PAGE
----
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University of Idaho College of Agriculture Cooperative Extension Service Agricultural Experiment Station Current Information Series No. 335 May 1976 APR 2 81977 UNIVERSITY OF IDAHO Calculating Costs for Custom Haying Operations Terry L. Cornelison R.V. Withers David P. Bodine Rising machinery costs have made owning an entire set of equipment questionable for some farms—especially those too small to utilize expensive machines efficiently. When available, custom hiring to perform some farming operations is feasible for many farmers. Haymaking is a mechanized operation that lends itself to custom hiring. This report is presented to those interested in custom haymaking as an economic venture. It can also be useful to others to calculate costs for their haying operations and decide if they have enough acres to justify machine ownership rather than hiring custom operators. The cost calculation chart on page 3 will help a custom haying operator determine the costs associated with each operation and calculate a rate per acre which will cover all costs and provide a reasonable return on the investment. Investment and costs will vary; each operator should use his own figures to determine his custom rate. Information from the rate calculation chart then will help the custom operator find his breakeven point for haymak ing. Breakeven is that point where total revenues equal total costs—no profit is made and no loss is sustained. However, costs include the operator's time and an interest charge on the investment. Once the operator finds his break even point, he can compare the acreage he feels he can hay each season to the acreage he must hay in order to break even. He can then weigh this venture's profitability against that of alternative ventures and decide whether haymaking will be worthwhile. Rate Calculation The following is a step by step example of calculating the cost of operating a 14foot selfpropelled swather purchased for $16,350. Estimates are that the machine will last 10 years of normal operation and will have a salvage value of $1,635 when traded in at the end of its life. To calculate the average value of the swather, add the expected salvage value to the original cost, then divide by 2: cost $16,350 + salvage $1,635 Average Value $8,993 The next step is to determine average annual fixed costs. These are the costs which will be incurred regardless of the number of hours the machines are operated or how much hay is harvested. Annual costs include expenses for depreciation, shelter, taxes, insurance and interest on invest ment. The cost calculations are as follows: Yearly Depreciation cost salvage $16,350  $1,635 10 Life of Equipment Shelter Cost average value $8,993 .01 = Depreciation $1,472 Shelter Cost $90 Taxes average value assessed value mill levy Yearly Taxes $8,993 x .20 x .095 = $171 Insurance Costs average value $8,993 Yearly Insurance Costs .005 = $45 Interest on Investment Cost average value $8,993 .08 = Average Annual Interest Cost $719 Add all the average annual costs to get the total average fixed costs per year of $2,497 for the 14foot swather. The next step is to calculate the variable costs per hour. These are costs which will vary in proportion to machine use. They include fuel, repairs, lubrication, and labor, as well as transportation, movingcosts, management, supplies, etc. The calculations for these costs are as follows:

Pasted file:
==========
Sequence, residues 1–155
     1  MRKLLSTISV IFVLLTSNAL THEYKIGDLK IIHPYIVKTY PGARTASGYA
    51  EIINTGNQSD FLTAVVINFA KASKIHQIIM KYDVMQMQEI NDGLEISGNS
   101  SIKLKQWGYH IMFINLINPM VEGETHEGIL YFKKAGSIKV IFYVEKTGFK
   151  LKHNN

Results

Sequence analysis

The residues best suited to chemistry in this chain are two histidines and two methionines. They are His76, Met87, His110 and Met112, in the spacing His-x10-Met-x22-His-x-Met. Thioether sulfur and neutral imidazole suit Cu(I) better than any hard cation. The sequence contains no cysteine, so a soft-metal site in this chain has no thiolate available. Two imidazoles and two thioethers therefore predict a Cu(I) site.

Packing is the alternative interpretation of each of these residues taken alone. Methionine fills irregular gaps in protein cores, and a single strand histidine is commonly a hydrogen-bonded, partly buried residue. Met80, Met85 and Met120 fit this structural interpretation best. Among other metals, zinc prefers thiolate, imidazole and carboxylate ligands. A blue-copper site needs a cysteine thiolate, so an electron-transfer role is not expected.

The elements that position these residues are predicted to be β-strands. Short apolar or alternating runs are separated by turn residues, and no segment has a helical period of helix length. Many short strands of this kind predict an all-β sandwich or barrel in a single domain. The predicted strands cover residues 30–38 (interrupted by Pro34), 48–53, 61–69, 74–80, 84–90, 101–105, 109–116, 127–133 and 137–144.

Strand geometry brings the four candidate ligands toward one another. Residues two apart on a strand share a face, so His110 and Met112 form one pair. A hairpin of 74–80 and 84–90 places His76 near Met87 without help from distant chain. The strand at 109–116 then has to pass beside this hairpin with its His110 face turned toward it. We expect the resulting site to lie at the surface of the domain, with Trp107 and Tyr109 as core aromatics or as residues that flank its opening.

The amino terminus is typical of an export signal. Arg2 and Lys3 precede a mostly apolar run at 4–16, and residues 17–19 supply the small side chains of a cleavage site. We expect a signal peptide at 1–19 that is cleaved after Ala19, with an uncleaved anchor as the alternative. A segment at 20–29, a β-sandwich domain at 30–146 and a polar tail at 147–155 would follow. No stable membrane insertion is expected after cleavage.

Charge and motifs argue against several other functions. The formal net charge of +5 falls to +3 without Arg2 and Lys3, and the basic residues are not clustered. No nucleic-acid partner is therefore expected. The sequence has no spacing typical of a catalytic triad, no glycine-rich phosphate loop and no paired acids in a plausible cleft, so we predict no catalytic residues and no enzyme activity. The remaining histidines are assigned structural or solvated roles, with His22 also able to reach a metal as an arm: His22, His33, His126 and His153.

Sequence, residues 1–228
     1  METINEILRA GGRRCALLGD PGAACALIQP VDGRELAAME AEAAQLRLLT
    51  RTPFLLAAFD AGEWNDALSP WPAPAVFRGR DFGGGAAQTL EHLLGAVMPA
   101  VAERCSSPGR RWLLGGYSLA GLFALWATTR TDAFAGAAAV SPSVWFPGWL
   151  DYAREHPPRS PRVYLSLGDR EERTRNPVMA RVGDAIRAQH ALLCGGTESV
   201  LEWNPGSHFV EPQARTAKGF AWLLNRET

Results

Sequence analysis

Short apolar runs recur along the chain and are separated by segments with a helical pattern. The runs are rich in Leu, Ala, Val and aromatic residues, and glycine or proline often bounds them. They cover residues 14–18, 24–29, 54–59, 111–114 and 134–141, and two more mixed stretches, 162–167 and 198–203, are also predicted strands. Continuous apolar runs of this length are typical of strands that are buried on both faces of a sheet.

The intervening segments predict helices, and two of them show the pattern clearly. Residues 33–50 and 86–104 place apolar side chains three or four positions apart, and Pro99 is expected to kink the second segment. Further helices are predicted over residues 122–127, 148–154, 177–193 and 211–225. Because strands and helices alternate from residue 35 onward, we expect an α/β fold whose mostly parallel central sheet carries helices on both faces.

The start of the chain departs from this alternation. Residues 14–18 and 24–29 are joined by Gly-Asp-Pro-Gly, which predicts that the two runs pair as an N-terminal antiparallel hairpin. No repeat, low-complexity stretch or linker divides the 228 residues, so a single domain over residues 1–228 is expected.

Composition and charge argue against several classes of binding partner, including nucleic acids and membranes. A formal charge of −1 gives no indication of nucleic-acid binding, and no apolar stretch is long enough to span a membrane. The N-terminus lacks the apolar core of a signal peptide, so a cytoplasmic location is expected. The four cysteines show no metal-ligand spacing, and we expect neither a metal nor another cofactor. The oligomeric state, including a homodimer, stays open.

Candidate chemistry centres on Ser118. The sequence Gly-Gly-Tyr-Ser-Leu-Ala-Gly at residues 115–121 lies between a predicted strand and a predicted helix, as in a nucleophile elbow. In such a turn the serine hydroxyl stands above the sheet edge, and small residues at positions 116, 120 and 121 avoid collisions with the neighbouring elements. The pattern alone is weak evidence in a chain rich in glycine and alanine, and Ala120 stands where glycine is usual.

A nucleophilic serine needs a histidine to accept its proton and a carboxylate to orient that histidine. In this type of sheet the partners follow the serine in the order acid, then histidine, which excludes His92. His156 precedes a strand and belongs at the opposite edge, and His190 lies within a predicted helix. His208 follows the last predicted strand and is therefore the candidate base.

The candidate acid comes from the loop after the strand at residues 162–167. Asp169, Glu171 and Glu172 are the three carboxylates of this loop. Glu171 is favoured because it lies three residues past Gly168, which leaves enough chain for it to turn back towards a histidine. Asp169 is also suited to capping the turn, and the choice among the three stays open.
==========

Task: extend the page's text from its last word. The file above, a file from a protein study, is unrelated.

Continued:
Object Description
Title  Calculating costs for custom haying operations 
Creator  Cornelison, Terry L.; Withers, Russell V.; Bodine, David P. 
Date  19760501 
Description  4 p.: ill.; 28 cm. 
Subject (NALT) 
hay production costs 
Subject (LCSH) 
HayHarvesting Hay tradeCosts 
Publisher  Idaho Agricultural Extension Service 
Identifier  uica_cis0335 
Disclosure Statement  Documents are preserved for archival purposes. The information may be out of date. For more recent editions check the University of Idaho Library catalog or University of Idaho Extension Publication website, http://www.cals.uidaho.edu/edComm/catalog.asp